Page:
Crossing Borders In Our Hearts
This week our attention has been really focused on our differences — power differences, economic differences, racial differences, ethnic differences — and climate, political, gender, and religious differences. On the heels of the catastrophic explosion in Beirut, Lebanese protesters are calling for the government to resign after its failure to remove explosives from the port after years of warnings. The State of Israel traded annexation of West Bank territories for diplomatic relations with United Arab Emirates, drawing immediate anger from pretty much everyone. Turkey, Iran, and Palestine — as well as Orthodox Jews in the State of Israel — all denounce the deal, for very different reasons.
And here in the United States, our presidential candidates are gearing up for the election in 89 days. All the rhetoric of the campaign dialogue emphasizes our differences, rather than forging understanding. And all of this in the context of a global pandemic, where we have to work really hard on our empathy just to communicate with each other through masks and across social distances.
What does this say to us? You may think that this is kind of strange, but I think our current state of polarization — Muslim and Christian Arabs and Israeli Jews; Republican and Democrat; us and them; me and you — gives us special insight into what Jesus is trying to teach
us in today’s reading from Matthew’s gospel. Why, you might ask? Because what so many of us are doing right now — thinking more about how we’re all different than how we’re alike — is exactly the right frame of mind to understand Matthew’s gospel this morning. Jesus is showing the disciples — and all of us, looking over their shoulders, listening in — that it’s true. Yes, we’re all different. Completely so. And yes, sometimes we disagree — by a lot and over really big things. But even as we are different, and want different things — sometimes even directly conflicting things — we are all, EVERY ONE OF US, beloved by God.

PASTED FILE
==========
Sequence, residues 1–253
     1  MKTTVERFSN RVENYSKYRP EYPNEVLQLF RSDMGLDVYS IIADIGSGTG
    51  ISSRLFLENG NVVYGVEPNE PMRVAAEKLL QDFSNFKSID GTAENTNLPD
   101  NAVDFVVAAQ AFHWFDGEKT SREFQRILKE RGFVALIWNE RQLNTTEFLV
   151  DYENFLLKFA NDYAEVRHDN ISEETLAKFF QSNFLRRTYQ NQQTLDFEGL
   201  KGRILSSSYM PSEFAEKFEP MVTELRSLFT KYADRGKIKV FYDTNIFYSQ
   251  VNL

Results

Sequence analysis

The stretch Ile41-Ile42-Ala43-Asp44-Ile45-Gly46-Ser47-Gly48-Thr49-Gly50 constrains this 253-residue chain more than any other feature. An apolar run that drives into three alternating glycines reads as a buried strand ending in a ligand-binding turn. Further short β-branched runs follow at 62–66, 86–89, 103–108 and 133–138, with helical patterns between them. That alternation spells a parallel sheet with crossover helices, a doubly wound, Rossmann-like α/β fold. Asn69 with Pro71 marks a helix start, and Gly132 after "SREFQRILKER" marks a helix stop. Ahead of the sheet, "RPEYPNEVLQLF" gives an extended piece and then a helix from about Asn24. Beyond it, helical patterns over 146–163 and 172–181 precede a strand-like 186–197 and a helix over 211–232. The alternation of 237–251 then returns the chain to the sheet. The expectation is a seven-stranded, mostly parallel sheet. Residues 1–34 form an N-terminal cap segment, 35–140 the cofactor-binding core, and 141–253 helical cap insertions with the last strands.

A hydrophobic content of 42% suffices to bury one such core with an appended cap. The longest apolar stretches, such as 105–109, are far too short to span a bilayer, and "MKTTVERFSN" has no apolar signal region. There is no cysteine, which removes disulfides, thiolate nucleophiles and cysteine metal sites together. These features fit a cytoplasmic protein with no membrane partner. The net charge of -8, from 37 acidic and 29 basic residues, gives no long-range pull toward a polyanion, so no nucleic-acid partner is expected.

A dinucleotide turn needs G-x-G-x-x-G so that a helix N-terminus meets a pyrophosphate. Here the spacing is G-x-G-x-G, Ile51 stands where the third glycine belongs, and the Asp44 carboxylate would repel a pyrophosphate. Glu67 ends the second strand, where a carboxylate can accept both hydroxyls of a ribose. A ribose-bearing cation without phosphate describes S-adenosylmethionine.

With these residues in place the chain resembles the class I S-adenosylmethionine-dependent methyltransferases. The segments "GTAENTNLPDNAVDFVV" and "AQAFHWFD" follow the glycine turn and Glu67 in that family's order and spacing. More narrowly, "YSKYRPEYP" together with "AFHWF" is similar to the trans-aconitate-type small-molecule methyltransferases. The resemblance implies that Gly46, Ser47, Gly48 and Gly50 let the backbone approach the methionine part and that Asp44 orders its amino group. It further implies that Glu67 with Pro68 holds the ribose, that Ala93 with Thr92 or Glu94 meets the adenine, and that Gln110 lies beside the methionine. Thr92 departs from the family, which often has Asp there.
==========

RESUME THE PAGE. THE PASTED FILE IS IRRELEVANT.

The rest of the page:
We Are All Beloved By God
Remember today’s reading from Isaiah:
Thus says the Lord:
God will make ALL who love God
joyful in God’s house of prayer;
And God’s house shall be called a house of prayer
for all people.
Not just those who live in the same town or even on the same continent. Not just those of us who have lived in the same place for generations, or whose grandmothers made the same Sunday night dinner using the same special ingredients. Not just those of us who speak the same language — or speak the same language the same way. Not just those who look like us, share the same political views, or root for the same baseball team. Not just those who belong to the same church, or worship God in the same way — or live in God’s world but don’t worship God. Nope, God loves all of us — ALL people. Without exception.
At the beginning of today’s reading, Jesus and the disciples are still in the Galilee. Remember that over these past weeks, Jesus has been preaching and teaching around the fishing villages set on that freshwater lake in the Jordan Valley — the salad bowl of the whole region that is now the State of Israel and the West Bank — the Palestinian Territories.
The Sea of Galilee is in the northern part of the State of Israel — the old kingdom of Judah from the time of the ancient Israelites. Jerusalem is much farther south, in the Kingdom of Israel — just under two hours’ drive today. But the Galilee is Jesus and the disciples’ home country! Where they’re from. Think of how many times in the gospels that Romans, and other Jerusalem Jews, identify Jesus and the disciples as outsiders, calling them “Galileans.” The gospels even mention that they have “accents” — the way they talk back home — that identify them and set them apart when they are in Jerusalem. So the Galilee region is their home place — their old stomping grounds. Context and location are really important here, and I think we really get that, right? Especially now, when the presidential campaigns and our international political circumstances are all so contextual — so particular — to each group of individual people.
The Pharisees Are Trying to Do the Right Thing
The first part of today’s reading from Matthew takes place in the Galilee, and Jesus is teaching the disciples, as he talks to the Pharisees and Sadducees — who are very likely also Galileans — what really causes a person to be unclean. The Pharisees and Sadducees are not